Former REC manager agrees to £35k payout in unfair dismissal case

A former Recruitment & Employment Confederation (REC) sales manager will receive a £35,000 settlement after a London employment tribunal on Wednesday upheld her claim that she was unfairly dism

A former Recruitment & Employment Confederation (REC) sales manager will receive a £35,000 settlement after a London employment tribunal on Wednesday upheld her claim that she was unfairly dismissed from the REC in May 2009.

Maggie Pattinson was one of 11 REC employees who lost their jobs through redundancy in 2009. Whilst concluding that the 2009 redundancies at the REC were legitimate given the poor economic climate, the tribunal described the process surrounding Pattinson’s departure from the trade body as “wholly unfair”, and roundly criticised the REC for failing to hold “meaningful or really any” proper consultation meetings with her when her job was made redundant.

In her comments around the decision, chairman Ms H Norris went on to describe the so-called consultation meetings between Pattinson and REC commercial director Martyn Noble as having “a total lack of structure” and were held on “an ad hoc basis”. Noble, a self-employed consultant, has worked at the REC since August 2008. He has never been an employee of the trade body.

In its decision, the tribunal also found that it had been “wholly inappropriate” for REC chief executive Kevin Green to handle Pattinson’s appeal once her job had been made redundant because he was involved in the decision to eliminate the position. Green had argued that it was appropriate because he was acquainted with all of the facts and issues surrounding the decision. Ms Norris referred back to his argument in announcing the tribunal’s decision saying that it then would have been appropriate for Green to hear the tribunal case.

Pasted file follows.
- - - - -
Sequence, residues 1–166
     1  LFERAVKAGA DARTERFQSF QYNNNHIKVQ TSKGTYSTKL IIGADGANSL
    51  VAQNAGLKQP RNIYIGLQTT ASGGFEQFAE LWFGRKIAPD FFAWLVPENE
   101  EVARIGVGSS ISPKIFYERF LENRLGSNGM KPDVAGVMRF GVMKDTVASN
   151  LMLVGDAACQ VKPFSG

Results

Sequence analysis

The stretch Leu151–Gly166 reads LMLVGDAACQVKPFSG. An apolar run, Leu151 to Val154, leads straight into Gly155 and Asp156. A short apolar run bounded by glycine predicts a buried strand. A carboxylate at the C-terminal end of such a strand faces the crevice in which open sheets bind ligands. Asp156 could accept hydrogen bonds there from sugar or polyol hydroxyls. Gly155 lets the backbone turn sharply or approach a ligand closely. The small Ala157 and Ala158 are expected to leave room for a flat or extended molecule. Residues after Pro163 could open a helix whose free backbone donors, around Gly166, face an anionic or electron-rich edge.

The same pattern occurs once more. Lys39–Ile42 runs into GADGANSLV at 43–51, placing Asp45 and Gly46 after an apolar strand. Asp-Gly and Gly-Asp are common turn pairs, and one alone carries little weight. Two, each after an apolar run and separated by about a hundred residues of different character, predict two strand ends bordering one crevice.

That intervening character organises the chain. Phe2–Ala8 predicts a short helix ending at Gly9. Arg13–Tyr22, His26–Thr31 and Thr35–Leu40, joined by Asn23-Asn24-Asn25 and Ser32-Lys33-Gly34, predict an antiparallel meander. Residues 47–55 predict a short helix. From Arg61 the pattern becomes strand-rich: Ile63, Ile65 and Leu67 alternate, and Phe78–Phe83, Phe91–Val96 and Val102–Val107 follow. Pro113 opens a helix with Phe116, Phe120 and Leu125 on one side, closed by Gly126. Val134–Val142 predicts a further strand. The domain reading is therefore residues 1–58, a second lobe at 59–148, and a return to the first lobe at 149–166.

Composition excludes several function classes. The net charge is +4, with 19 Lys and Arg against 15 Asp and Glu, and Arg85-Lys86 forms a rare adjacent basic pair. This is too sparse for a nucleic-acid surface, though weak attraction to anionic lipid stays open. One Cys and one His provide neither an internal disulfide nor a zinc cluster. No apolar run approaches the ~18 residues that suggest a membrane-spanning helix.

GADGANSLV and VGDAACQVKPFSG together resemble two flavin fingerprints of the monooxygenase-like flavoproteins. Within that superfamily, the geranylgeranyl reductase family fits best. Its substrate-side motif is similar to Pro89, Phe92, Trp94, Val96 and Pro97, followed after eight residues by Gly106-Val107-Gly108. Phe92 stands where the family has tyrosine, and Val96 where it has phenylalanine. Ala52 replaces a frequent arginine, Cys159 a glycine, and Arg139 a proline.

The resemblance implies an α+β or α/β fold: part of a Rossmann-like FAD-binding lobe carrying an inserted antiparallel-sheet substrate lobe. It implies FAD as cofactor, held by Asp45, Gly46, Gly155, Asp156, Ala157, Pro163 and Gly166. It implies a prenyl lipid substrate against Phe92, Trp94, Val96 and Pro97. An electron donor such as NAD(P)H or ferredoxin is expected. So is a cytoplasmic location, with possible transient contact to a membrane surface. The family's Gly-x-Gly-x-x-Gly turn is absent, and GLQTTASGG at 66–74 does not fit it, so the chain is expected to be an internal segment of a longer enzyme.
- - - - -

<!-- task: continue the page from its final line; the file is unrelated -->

Pattinson’s job was made redundant at the same time as six others as the REC attempted to cut costs in the face of the global economic downturn. A few months previous, an initial round of redundancies had, among other job cuts, eliminated the trade body’s HR department.

The tribunal noted that the background to the decision to eliminate Pattinson’s job could not be studied because there were no notes of management team meetings at which Green said redundancies had been discussed. Green had said there was no one to take notes because the role of his assistant was among those at risk of redundancy and the person holding that role at the time was excluded from such meetings.

Pattinson had worked for the REC since 2004. After the decision, Pattinson told Recruiter that taking the case to tribunal was “not just about the money. It was about the principle, and about the way I was treated” by REC management and Noble.

Late this afternoon, Green issued a comment about the proceedings and said the REC was “extremely disappointed” with the decision to uphold Pattinson’s claim. He said that the REC “took and acted upon legal advice extensively” during the course of the redundancy.

“We followed this advice to such an extent that we were indemnified against any loss, so this decision will not cost our members anything,” said Green.

Green went on to say that the REC was “considering” an appeal “as we remain convinced the process used was fair and reasonable”.

The REC statement said that further comment could not be made as it might prejudice the outcome of a potential appeal.


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